Open Mic, $50. Exposure, Priceless. – DanielDMusicStore

Open Mic, $50. Exposure, Priceless.

Open Mic, $50. Exposure,Priceless.

 

"This one is for the promoter."

 

As a singer-songwriter I love open mics for the exposure. They're a great platform for trying out new songs, styles or even simple edits. I can't count the number of open mics I've been to, but I can tell you about the most memorable.

 

I was previously a resident of Colorado. Denver to be exact. If you've never been, go. Tonight. It's an amazingly artsy and refreshingly eclectic city. The buildings are tagged with gorgeous murals. When the skies permit, you can see an outline of the mountains in the distance, and of course, what sold me, was the people. Beyond the breweries, it’s no secret that Colorado was the first state to legalize marijuana, and maybe this plays a big role in the welcoming attitude of this state’s residents. None the less, Colorado has by far some of the nicest people I have yet to meet. With this confidence, I decided to venture out and test the waters at an open mic within walking distance from me, Meadowlark Bar. What a night. You could literally leave your instrument across from the bar. Anyone was up for a conversation, and considering Denver is a huge transplant city, it was as easy as saying "so, where are you from?" Everyone had their fair turn showing off their skills which were often followed by a supportive reaction from the crowd. It was what you would expect a virtual tour of an open mic to look like. 

 

When I decided to leave Denver, my mother hopped on a plane and helped me drive my car 25 hours back to the coast. This was not a one-day trip. I've always had dreams of seeing Nashville and with an opportunity like this, we had to go. There was only one place I wanted to visit, The Blue Bird Cafe. A Nashville gem, where Garth Brooks and Taylor Swift, among other artist, caught the eyes of people who would soon launch their career. Although, it was closed and pouring down rain, I felt accomplished. I'd never even seen photos of this place. I had imagined it being this huge music venue with "Blue Bird Cafe" designed in regal neon lights siting high above a pillared door. I know, but I'm an idealist. Sue me. Instead, it was a tiny blue hooded cafe snugly placed in a small complex off of Hillsboro Pike. I love it.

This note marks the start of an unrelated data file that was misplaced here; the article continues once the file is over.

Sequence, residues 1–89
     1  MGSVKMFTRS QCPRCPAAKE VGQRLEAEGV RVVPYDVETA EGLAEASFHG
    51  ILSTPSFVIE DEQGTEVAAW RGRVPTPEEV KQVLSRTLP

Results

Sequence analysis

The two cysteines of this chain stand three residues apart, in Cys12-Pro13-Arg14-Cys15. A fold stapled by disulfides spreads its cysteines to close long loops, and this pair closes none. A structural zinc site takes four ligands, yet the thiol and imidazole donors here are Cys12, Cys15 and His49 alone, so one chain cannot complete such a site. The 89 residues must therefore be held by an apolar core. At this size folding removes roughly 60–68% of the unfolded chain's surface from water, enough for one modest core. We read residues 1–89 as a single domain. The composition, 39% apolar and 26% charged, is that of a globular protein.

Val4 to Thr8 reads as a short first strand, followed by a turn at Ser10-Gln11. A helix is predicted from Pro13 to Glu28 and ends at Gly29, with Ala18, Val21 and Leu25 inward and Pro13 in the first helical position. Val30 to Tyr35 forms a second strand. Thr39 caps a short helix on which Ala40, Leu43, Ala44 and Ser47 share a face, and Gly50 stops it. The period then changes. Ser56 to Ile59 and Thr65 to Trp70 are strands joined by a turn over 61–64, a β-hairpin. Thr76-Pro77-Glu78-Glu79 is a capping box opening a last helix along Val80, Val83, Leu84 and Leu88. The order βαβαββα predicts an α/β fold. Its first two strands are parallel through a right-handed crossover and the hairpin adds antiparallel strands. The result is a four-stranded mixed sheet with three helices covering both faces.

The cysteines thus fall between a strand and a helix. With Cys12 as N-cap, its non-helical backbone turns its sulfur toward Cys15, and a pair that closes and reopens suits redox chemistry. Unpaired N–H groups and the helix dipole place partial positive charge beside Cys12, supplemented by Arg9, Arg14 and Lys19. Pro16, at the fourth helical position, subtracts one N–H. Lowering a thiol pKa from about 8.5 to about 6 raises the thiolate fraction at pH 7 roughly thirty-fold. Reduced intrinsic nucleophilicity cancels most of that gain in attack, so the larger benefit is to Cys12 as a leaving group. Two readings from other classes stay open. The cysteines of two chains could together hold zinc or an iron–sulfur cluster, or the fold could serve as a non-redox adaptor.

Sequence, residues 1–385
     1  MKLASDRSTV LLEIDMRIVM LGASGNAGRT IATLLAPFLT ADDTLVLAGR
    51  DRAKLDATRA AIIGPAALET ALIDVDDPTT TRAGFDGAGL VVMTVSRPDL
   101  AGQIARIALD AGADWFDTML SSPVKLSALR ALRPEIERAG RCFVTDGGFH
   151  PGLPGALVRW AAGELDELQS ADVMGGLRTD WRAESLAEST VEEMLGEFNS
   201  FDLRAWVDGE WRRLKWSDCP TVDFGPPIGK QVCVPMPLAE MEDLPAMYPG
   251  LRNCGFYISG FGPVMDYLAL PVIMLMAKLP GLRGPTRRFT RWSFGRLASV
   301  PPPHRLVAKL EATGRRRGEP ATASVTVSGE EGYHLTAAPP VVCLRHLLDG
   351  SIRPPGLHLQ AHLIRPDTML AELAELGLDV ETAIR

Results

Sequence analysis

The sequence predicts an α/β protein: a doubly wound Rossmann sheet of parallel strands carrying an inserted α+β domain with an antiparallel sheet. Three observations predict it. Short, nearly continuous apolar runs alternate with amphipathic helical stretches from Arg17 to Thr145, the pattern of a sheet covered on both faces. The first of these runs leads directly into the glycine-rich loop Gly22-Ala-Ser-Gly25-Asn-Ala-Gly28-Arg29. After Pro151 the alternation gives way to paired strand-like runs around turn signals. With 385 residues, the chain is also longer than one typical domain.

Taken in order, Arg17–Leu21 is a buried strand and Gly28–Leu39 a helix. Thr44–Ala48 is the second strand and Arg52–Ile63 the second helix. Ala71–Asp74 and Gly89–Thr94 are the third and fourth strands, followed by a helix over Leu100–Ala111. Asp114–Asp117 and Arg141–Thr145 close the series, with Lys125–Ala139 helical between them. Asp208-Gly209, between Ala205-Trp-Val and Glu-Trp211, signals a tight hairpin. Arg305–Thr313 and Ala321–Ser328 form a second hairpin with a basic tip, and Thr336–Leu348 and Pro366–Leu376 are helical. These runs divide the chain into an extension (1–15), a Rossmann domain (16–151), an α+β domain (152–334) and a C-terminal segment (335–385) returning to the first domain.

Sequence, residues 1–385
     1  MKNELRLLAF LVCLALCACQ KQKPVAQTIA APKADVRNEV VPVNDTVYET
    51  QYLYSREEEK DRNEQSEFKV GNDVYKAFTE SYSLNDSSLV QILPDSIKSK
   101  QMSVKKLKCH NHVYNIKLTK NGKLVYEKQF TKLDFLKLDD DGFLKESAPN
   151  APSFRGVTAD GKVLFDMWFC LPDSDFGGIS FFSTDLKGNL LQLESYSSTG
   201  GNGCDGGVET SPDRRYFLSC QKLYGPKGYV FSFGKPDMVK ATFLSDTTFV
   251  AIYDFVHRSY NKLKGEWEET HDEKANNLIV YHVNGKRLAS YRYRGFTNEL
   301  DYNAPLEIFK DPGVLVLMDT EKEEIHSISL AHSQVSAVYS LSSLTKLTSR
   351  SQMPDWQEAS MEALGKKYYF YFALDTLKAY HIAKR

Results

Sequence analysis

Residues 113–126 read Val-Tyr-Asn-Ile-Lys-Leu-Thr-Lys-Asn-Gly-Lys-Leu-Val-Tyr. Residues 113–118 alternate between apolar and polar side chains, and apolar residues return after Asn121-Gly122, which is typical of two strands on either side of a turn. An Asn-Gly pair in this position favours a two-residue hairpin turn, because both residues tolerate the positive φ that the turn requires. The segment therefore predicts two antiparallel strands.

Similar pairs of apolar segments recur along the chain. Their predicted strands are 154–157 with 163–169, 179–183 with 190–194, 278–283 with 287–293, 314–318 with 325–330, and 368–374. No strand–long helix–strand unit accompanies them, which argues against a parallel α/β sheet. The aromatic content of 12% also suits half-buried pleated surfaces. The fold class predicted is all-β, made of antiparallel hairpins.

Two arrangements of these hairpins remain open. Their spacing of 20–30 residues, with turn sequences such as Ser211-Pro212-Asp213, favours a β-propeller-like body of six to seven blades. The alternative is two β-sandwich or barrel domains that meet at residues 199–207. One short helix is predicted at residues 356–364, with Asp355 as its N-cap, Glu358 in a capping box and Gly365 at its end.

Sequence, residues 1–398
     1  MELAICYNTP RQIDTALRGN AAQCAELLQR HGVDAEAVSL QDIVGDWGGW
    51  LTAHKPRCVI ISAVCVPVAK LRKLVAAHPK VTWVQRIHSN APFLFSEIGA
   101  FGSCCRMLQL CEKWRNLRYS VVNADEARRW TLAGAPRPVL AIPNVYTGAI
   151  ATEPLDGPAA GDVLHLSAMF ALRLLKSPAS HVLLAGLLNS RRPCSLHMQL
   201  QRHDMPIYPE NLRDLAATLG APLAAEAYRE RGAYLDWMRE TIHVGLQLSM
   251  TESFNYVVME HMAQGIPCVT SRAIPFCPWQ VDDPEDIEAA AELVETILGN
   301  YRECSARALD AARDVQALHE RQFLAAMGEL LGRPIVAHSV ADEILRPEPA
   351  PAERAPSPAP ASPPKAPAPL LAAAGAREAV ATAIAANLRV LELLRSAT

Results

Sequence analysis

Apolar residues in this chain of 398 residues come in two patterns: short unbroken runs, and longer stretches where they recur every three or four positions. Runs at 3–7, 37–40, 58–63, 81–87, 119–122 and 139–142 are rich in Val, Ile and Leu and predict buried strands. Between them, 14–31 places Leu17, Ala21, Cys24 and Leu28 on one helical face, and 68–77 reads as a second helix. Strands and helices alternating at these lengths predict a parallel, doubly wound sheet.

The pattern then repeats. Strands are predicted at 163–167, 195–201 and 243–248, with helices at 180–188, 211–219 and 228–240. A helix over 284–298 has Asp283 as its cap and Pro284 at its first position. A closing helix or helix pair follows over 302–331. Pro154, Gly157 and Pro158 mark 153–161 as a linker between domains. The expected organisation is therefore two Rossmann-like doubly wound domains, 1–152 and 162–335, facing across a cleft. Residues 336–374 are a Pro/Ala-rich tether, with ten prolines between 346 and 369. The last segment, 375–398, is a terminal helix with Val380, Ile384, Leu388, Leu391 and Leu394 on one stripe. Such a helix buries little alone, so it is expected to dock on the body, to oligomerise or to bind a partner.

I love it now because I live in Atlanta, and this is the perfect metaphor for open mics. Atlanta amongst other cities like, Nashville, Austin, New Orleans, L.A, etc. is not shy of a music scene. A lot of the residence move here for that purpose. Because of this fad, a new opportunity has presented itself. This one is for the promoter.

 

I have attended several open mics in Atlanta. These people love new music. The crowds have always been supportive. I became so excited about my new-found tradition that I decided to find as many as possible to fill my week. I started with Instagram. I found a flyer stating that a promotion group called Take Off Atlanta would be hosting an open mic at a bar/venue called Union Eav. The flyer stated to "message for a slot." So, I did. I remember receiving this response: 

 

5 min slot - $30

10 min slot - $50

 

I did not reply. A few days passed, and I received a message stating that there were free slots available. All I had to do was email an artist photo of myself and my stage name. So, I did. I received an email with instructions on when to show up and what to do when I get there. I was also informed that free slots were not guaranteed. Fine. I arrived. As I waited for my 1:00am performance slot amongst people getting too drunk to notice just about anything, I listened as muffled rapper after muffled singer performed on a small stage in a loft above a dimly lit bar.1:30am came, went, and so did I. What's disappointing is that I felt slightly mislead. Then I wondered, did they? The people that paid $30 to barely be heard or $50 for an extended version of that. I wondered what happened to them after that show. I wondered if they were going to come back. Lastly, I wondered why. 

 

For my singer-songwriters, singers, rappers, instrumentalists and everyone in between, if you are considering going to an open mic think about this. The Blue Bird Cafe requires that you audition for a performance slot. That's it. After all, you are showing your talent. Other venues might require a payment, but we all have to eat, right? Is the open mic's potential exposure worth the money? What do you think about promoters profiting off this concept?